The defendants requested a charge that in order to find a partnership existing between them it must be found that they "had made an agreement or understanding between themselves by which they were jointly undertaking the job . . . and that all acts and things necessary to be done in connection with this work were done in both their names and with the expectation that both would profit from their joint enterprise, and that both would share in the profits and losses, if any." To so charge would have been erroneous. Profit-sharing is not only not the sole but not even an essential test of the existence of a partnership. Active Market, Inc. v. Leighton, 124 Conn. 500, 504, 200 A. 822. Doing of business in the names of all the partners is patently nonessential. It is sufficient, so far as concerns third persons, if the parties have shown by a course of dealing a relation of principal and agent each to the other. Idem, 505. The charge defined partnership as "a combination by two or more persons of capital, labor or skill for the purpose of business for their common benefit," and stated that there must be a contract or agreement, written or oral, between them in order that there be a partnership, and that in order to recover against Della Reichert, as a partner with her husband, the plaintiff must prove an agreement of partnership between them in the building business. The appellant does not attack the charge on this subject except the refusal of the request above discussed.
The verdict as against Della Reichert obviously was the result of the conclusion, evinced by answers to the interrogatories, that she was a partner with her husband in the contracting business. It was contended in support of the motion to set aside the verdict and upon this appeal from its denial that the evidence was insufficient to support this conclusion and with this we agree. The only evidence which might be claimed as at all indicative of a partnership relation consisted of the fact that the truck used upon this and other jobs was registered in the name of the wife and included, with a pleasure car admittedly owned by her, in her town tax list for 1935, 1936, and 1937, as was a tractor in the list for 1935, plaintiff's testimony that she paid him some money when he was working on another, previous job, and admission that she had signed or indorsed a note or notes of her husband payable to a grain company, but which, she testified, without contradiction, were for oil for a furnace, apparently in the home. Although evidence was introduced by the defendants, including a receipted bill in Frederick's name, for the truck in question, that he was its sole owner, and that the truck item in the tax lists was written in by one of the assessors, the jury were justified in accepting the registration and tax lists as sufficient basis for a finding of ownership by Mrs. Reichert. Dunn v. Santamauro, 119 Conn. 307, 308, 175 A. 913; Chouinard v. Wooldridge, 102 Conn. 66, 70, 127 A. 908; Waterbury v. O'Loughlin 79 Conn. 630, 633, 66 A. 173; Union School District v. Bishop, 76 Conn. 695, 698, 58 A. 13. However, granting this, and attributing to the other evidence the effect most favorable to the plaintiff, we regard it as inadequate to afford the indicia of a partnership relation necessary to establish it by any of the legitimate tests. As the trial court pointed out in the charge, the defendants being husband and wife, acts and circumstances between them have not the significance which could attach to them if between strangers and even if the jury found that the wife was the owner of the truck and that she made the payment to the plaintiff which he claimed, those facts are not enough, in themselves, to prove that she was a business partner with her husband, or to enable the jury to infer therefrom that there was such a relationship between them. Examination of the evidence does not disclose, nor does the plaintiff point out, other facts which, added to these, would enable the jury reasonably to find that the wife was a business partner with her husband. For this reason the verdict as against her should have been set aside.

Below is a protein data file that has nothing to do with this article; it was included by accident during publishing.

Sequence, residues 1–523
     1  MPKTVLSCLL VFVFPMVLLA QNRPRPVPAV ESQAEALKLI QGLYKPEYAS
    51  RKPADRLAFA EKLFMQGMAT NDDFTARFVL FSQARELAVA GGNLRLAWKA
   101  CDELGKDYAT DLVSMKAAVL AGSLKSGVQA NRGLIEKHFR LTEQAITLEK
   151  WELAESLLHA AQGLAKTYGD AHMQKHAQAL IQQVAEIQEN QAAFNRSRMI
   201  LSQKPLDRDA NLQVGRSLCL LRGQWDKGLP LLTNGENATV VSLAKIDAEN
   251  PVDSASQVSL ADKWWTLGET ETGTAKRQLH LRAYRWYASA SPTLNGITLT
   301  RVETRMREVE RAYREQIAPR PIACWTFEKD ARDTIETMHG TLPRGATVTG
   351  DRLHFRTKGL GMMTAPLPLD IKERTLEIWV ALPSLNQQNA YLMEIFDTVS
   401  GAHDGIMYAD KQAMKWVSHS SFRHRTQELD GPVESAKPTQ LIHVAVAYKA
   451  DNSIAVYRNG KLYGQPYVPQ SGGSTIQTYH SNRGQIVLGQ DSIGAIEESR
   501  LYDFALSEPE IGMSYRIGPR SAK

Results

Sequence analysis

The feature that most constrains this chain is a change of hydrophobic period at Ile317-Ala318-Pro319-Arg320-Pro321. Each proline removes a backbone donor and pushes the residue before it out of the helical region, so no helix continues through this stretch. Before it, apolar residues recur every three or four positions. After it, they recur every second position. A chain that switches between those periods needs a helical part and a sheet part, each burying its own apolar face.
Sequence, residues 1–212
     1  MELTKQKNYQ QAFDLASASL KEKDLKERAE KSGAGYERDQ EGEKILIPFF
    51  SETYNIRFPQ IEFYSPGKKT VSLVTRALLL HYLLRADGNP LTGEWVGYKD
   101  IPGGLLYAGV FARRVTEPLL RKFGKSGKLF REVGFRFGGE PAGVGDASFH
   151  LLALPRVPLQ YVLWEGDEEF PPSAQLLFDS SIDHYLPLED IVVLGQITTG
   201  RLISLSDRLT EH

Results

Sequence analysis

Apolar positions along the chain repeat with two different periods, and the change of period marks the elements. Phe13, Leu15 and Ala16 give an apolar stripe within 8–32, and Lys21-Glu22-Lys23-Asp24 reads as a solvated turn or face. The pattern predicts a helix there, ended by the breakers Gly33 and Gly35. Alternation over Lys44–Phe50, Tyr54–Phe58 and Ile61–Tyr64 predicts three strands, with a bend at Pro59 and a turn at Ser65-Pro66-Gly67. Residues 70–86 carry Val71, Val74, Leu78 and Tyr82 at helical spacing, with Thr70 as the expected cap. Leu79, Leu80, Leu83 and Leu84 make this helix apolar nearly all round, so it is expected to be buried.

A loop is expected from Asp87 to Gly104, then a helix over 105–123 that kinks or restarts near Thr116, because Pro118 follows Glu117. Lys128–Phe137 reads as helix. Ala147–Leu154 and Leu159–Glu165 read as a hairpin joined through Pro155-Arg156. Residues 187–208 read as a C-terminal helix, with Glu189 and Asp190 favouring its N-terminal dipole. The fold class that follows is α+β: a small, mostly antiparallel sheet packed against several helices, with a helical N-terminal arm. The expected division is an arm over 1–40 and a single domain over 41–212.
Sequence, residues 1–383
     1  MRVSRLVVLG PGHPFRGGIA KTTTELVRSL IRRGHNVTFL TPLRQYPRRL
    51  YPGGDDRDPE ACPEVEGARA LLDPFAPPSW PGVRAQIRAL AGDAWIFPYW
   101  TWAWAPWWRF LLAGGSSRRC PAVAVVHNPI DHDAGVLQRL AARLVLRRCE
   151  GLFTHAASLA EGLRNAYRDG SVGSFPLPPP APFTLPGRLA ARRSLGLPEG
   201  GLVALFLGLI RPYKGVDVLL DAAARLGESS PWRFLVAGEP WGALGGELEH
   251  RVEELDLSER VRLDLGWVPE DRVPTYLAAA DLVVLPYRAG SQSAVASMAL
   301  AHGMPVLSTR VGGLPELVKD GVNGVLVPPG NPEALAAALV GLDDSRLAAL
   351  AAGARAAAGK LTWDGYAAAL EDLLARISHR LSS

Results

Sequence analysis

The court charged that a verdict, if in favor of the plaintiff, must be against Frederick alone or against both, and error is assigned that the charge did not authorize, also, a verdict against Della alone. The facts claimed to have been proved, as revealed by the finding, were not such as to warrant a verdict against Della alone either as sole employer or as principal of Frederick as her agent, and the limitation as to possible verdicts was proper. The finding in Tomlin v. Hukolo, 124 Conn. 694, 2 A.2d 223, on which the defendants rely, distinguishes it from the present situation. Moreover, the more specific statement filed by the plaintiff in response to a motion alleged that he was in the employ of both defendants and that the acts and omissions alleged were those of the defendants jointly.